This comes back to the point I raised a bit upthread about malleable round length. Not every round has to be exactly six seconds long if the fiction wants it otherwise.Again, the problem only comes from people who think that things need to be either all simultaneous or all sequential. There is nothing of the kind in the system. Most things are simultaneous, but some are sequential, and how many, and for how long is totally circumstantial depending on the fight. The system is infinitely flexible and will adapt to any narrative that you want to have.
And this has always been fine, especially in editions where rounds got much shorter. I admit that no reactions for one minute was a long time, but with 6 seconds, it's much less of a problem. Moreover, you have to remember that the system never says how long a turn is. So let's say that a monster opens a door and is revealed. Actually, everyone might react almost instantaneously to the event, because although the actual actions they are taking might occur in parallel even though their resolution is sequenced - so some people react faster than others due to initiative order, it's a bit arbitrary but it works fine in a huge majority of cases. Even if the monster makes an attack after opening the door, it's not a problem, that attack can be described in the fiction as happening in a flash, it's just that no-one in the room has time to react because it's so sudden, again something that you see very often in the genre.
Though IMO it very much should impose a length-of-action onto any spellcasting. Removal of casting times from a lot of spells in 3e is a big part of why casters came to dominate the game; 4e and 5e IMO went about fixing this the wrong way, by nerfing the spells instead of just making them take time (and thus be more difficult) to cast.When you don't impose arbitrary constraints of length of actions and turns (which, again, the game NEVER does),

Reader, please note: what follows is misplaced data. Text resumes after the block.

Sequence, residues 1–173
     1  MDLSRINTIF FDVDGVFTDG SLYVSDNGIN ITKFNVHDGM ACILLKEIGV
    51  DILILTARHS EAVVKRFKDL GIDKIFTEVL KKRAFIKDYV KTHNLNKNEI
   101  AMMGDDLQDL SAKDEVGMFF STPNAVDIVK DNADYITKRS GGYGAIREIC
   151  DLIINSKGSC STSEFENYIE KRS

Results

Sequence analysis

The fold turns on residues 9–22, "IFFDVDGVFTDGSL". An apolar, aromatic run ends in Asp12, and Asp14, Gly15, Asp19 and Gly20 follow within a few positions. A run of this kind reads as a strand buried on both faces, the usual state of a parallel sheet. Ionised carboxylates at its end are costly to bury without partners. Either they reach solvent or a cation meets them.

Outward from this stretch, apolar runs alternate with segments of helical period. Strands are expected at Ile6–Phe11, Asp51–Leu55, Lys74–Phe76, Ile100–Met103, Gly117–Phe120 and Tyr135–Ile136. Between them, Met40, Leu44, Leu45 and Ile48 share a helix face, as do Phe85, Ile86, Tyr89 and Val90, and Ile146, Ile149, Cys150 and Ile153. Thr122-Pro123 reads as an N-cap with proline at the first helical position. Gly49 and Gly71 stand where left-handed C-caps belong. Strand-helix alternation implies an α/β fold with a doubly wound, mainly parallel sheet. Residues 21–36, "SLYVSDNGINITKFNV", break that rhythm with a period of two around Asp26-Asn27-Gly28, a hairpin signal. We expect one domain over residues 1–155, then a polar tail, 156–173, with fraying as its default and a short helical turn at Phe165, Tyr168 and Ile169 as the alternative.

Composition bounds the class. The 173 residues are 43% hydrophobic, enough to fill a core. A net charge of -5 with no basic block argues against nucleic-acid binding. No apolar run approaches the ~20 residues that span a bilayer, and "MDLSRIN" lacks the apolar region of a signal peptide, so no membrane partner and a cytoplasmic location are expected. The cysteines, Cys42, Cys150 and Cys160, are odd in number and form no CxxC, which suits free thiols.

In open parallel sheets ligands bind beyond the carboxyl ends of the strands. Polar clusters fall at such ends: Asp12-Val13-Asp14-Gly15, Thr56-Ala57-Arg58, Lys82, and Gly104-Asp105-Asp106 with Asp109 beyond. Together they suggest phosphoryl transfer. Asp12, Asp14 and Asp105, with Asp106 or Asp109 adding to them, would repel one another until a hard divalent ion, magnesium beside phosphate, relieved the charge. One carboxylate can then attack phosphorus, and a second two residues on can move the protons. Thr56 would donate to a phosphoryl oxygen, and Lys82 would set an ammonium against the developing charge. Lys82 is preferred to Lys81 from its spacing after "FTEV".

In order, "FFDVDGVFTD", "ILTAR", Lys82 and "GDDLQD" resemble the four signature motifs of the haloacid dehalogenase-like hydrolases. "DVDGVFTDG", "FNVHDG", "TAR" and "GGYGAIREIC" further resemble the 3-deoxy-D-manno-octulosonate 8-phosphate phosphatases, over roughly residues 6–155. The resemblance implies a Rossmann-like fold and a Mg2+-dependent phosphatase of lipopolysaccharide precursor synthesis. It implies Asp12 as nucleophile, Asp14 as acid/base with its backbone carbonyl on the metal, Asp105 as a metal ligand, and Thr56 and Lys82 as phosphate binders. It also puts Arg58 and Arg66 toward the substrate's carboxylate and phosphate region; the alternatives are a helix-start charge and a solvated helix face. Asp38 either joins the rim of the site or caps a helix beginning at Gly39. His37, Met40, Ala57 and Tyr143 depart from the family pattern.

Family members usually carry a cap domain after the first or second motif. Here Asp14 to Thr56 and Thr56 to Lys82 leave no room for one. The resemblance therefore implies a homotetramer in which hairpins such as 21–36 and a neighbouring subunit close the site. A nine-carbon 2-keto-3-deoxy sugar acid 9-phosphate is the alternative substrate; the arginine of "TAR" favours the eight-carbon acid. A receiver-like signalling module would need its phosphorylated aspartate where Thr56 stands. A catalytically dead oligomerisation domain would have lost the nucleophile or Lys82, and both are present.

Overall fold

I agree with the quote, but it doesn't clarify whether we're supposed to use that imagination before or after the mechanics have their say. Personally I'd rather use it beforehand and force the mechanics to try to keep up if they can; and if they can't, the mechanics need fixing before my imagination does.it works out fine, the narration is almost always spot on and does not violate what the system does to support it. You just need to be a bit creative, but this is what the game is about: "The second thing you need is a lively imagination or, more importantly, the willingness to use whatever imagination you have. You don’t need to be a master storyteller or a brilliant artist. You just need to aspire to create, to have the courage of someone who is willing to build something and share it with others."